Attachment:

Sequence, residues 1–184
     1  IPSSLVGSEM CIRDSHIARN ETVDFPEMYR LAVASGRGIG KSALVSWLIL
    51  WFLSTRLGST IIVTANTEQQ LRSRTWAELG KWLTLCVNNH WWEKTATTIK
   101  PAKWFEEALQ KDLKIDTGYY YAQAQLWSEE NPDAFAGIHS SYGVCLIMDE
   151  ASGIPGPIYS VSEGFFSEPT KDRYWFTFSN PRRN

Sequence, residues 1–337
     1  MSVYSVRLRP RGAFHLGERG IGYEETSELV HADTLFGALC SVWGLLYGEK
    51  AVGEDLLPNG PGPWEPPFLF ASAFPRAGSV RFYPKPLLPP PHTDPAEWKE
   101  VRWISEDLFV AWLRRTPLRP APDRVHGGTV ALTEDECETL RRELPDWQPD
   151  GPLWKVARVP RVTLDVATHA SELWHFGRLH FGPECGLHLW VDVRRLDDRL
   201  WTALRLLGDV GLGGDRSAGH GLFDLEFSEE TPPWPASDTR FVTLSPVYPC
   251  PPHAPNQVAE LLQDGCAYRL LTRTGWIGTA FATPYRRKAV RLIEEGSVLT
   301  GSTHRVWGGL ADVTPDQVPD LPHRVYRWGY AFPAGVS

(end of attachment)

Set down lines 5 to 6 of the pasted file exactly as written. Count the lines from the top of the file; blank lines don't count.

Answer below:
   151  ASGIPGPIYS VSEGFFSEPT KDRYWFTFSN PRRN

Sequence, residues 1–337